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Old Haunts Project: Roanoke; Downtown

March 7, 2011

Roanoke Farmer's Market

April 27th, 1996. Just four days earlier an article ran in the Roanoke Times titled “It’s a Blood Sport”, which introduced Roanoke to a new role-playing phenomenon called “Vampire: The Masquerade”. Specifically, the L.A.R.P version of the popular table-top game. They had followed a group of gamers for a night of gaming, interviewed them, and reported the late-night gaming session to the Roanoke Valley for the first time.

In doing so, an explosion of interest followed…

On this night over a hundred people showed up for the game. I was one of those people, a 15 year old kid whose idea of a night out still involved a friend’s house and a Sony PlayStation. I hadn’t come strictly because of the article… Several of my friends were already involved. However this was the first time I had shown up and the first time I’d ever been downtown at night. Without parents.

The place to meet was a little gaming shop called “The Eccentric Wizard” (run by a guy I didn’t know at the time, but later became a very dear friend), and it was well packed. My buddy who drove me down and I were brand new at the L.A.R.P. and we both needed direction. Unfortunately, there were many newbies present that night and only so many gamers willing and able to help them create characters.

By the time he had gotten his character written up, it had already been an hour or so and he was impatient to get started. This meant I didn’t get to create my own character. So we “compromised” and we both played essentially the same character. This annoyed me at the time, but I also was impatient to get out there and experience the game. So out we went…

We didn’t really know what the hell we were doing, but man was it exciting! People walking around with their arms crossed indicating they were invisible. Others were listening in on a group’s conversation by holding their hand up to their ear (indicating they were really standing out of sight, but could still hear using their extra-sensory powers). Even more people battling each other using paper-rock-scissors and calling out their physical traits or supernatural powers. It was geek heaven.

The sheer amount of people participating was staggering and never really matched since. To be part of something that big, playing a game with people who you’ve never met and didn’t know in the slightest was thrilling. Add to that the thrill of being out for the first time on your own and I don’t know how my little nerdy teenage heart handled it.

We even split up for a time. He went off and ended up leading the Prince of the city on a chase through Elmwood Park. I stayed closer to downtown and tried to inject myself into the intrigue and undercurrents of the current political situation, feeling out the power structure and considering how to make myself useful to the strongest powers of the city. We each found our own way to interpret our shared character, so that little sheet of paper we had argued over earlier meant less and less as we came into our own.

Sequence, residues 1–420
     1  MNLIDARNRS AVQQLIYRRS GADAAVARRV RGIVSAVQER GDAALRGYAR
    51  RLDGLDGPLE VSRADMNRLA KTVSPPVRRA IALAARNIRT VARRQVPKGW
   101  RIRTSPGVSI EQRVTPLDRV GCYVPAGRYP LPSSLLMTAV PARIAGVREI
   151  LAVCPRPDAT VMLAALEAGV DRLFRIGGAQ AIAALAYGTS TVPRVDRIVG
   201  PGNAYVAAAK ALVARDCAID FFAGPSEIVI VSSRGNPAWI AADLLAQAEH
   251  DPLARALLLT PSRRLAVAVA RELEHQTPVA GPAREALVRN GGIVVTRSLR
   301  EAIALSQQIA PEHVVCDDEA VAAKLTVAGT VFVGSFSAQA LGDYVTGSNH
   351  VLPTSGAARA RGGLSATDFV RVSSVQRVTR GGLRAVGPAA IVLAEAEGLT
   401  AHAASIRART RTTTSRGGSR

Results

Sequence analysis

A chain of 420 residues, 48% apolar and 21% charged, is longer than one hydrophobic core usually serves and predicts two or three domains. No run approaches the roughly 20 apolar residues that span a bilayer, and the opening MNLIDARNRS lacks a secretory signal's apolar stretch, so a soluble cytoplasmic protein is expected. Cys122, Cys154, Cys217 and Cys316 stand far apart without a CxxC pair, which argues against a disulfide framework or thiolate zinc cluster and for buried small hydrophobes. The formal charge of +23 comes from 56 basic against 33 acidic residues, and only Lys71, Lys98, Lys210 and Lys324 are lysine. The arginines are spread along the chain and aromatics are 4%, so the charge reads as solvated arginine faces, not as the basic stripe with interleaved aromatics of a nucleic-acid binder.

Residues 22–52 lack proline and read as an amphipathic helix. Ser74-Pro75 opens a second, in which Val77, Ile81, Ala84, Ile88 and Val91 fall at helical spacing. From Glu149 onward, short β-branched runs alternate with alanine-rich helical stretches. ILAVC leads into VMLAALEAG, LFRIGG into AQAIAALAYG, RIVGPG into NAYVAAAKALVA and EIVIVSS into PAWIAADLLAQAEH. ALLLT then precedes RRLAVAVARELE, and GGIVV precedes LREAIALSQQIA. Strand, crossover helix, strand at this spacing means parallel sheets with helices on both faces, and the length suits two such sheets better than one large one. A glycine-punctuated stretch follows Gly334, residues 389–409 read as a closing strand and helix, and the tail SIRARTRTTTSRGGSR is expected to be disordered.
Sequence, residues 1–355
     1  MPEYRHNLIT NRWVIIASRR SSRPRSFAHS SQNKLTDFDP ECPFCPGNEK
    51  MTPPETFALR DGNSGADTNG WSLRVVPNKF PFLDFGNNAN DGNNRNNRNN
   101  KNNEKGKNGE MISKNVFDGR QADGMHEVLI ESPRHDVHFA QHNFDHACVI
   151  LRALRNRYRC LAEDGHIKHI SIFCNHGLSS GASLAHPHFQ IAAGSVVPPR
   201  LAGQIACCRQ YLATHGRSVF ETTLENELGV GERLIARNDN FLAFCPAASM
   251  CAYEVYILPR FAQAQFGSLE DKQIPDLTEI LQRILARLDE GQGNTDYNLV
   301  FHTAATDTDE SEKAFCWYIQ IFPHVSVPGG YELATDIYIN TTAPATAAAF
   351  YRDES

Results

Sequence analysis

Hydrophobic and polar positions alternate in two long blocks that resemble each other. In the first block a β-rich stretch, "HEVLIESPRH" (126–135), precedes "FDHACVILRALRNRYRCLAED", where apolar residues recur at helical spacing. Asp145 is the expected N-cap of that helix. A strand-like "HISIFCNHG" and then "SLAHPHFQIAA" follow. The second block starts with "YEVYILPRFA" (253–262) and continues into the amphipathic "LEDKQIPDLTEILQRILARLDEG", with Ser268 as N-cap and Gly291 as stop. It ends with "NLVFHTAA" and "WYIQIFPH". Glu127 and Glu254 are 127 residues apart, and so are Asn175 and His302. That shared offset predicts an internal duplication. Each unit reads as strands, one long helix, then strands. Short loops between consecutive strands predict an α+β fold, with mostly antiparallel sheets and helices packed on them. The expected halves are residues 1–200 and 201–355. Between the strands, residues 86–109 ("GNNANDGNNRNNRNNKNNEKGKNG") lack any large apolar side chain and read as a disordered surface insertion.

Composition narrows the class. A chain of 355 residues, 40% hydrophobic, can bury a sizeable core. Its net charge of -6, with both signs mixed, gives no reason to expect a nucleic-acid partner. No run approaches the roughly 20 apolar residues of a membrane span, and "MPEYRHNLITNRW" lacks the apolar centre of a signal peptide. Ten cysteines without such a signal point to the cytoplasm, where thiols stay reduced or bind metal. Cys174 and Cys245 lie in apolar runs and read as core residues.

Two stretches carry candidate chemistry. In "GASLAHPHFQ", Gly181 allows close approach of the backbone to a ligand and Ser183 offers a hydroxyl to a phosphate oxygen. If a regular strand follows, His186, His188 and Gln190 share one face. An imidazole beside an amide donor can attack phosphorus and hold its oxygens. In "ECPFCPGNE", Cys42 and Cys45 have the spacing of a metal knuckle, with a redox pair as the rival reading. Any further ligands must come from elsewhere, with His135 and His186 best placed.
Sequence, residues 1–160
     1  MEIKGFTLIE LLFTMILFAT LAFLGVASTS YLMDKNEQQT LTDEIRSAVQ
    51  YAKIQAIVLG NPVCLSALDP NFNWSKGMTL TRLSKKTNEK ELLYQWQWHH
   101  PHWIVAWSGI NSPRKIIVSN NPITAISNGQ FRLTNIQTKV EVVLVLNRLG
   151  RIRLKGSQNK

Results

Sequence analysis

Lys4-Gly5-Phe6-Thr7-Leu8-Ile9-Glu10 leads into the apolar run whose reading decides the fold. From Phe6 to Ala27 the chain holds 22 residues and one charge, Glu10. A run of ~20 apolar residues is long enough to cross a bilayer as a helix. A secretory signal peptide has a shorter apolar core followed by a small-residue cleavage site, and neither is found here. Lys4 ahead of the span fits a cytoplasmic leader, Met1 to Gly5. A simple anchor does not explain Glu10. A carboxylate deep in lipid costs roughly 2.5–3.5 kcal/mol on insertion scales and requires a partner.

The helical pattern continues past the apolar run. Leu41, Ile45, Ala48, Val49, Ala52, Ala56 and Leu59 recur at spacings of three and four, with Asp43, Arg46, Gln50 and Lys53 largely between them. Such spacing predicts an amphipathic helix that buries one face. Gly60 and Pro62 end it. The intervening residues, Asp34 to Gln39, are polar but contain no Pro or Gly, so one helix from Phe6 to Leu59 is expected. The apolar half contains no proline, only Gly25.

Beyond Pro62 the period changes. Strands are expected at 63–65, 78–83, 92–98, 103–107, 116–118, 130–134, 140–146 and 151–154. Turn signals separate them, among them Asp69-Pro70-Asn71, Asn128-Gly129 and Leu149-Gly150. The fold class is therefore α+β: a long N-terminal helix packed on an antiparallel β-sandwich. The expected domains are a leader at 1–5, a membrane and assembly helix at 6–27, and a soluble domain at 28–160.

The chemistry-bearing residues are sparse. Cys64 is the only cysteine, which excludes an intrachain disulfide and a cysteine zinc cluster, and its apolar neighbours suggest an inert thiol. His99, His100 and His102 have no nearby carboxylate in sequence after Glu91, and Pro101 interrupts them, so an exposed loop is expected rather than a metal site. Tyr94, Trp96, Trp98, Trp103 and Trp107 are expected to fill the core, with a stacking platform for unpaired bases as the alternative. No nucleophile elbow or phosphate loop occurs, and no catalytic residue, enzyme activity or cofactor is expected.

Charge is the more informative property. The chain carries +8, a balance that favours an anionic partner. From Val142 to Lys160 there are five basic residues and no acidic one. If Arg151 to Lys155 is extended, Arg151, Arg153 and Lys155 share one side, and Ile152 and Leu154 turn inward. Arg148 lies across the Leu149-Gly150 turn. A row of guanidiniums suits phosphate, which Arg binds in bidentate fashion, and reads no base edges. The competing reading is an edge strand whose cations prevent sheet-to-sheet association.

After a few hours of game (and a cappuccino from Mill Mountain Coffee & Tea) it was time to go home. During the drive we entertained each other with tales of our accomplishments while separated, the night’s high built on itself as we lived through it all over again. By the time we got to my house I was a ball of energy. It must’ve been palpable because my mom met me at the door and with a smile asked me how the night went.

“I don’t know, it was really cool… I can’t really describe it… I just feel really good.”

“Oh, I know what it is” she said with a mixed bag of shared happiness and hesitant loss. “It’s freedom.”

That night sparked almost a decade long love affair with Downtown Roanoke. I’ve hung out there, I’ve worked there, and I’ve lived just down the street from there. Sure, there’s a lack of things to do for the younger crowd. Sure, the cops get uppity once in a while and kick you off from sitting on the farmer’s market tables. Sure, you get your share of pretentious assholes who act too big for a small city.

But I’ll never forget the coffee and rice krispie treats from Mill Mountain Coffee & Tea, piling into a Macado’s booth with 3 or 4 friends to a bench, $5 midnight pizzas from Chico & Billy’s, freshly roasted peanuts from Agnew Seed, and double bacon cheeseburgers from Ernie’s (why do so many of my memories involve food, I wonder?).

Strolling through Elmwood Park on my way to work in the morning, turning off the lights in the Crestar Plaza parking garage elevator, hours long sessions of full-out UNO war on the sidewalk, and dancing in the street with my crush to someone’s old radio. The stink of gingko seeds on my shoes, the neon glow of the old H&C Coffee sign, and the sound of Jack babbling on the street corner (King Cobra hit me one mo’ time!).

The people have changed. The L.A.R.P. is as good as gone. The market doesn’t look just right to eyes changed by newer and broader experiences. But the entirety of Downtown will to me forever symbolize the things that make young adults and kid’s hearts beat with expectation and anticipation.

Independence. Friendship. Freedom.

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3 Comments leave one →
  1. March 10, 2011 12:36 am

    Ah, halcyon days….

  2. mark permalink
    March 11, 2011 12:07 am

    wow that brings back memories…those were fun days. thanks for the well written piece, it really took me back

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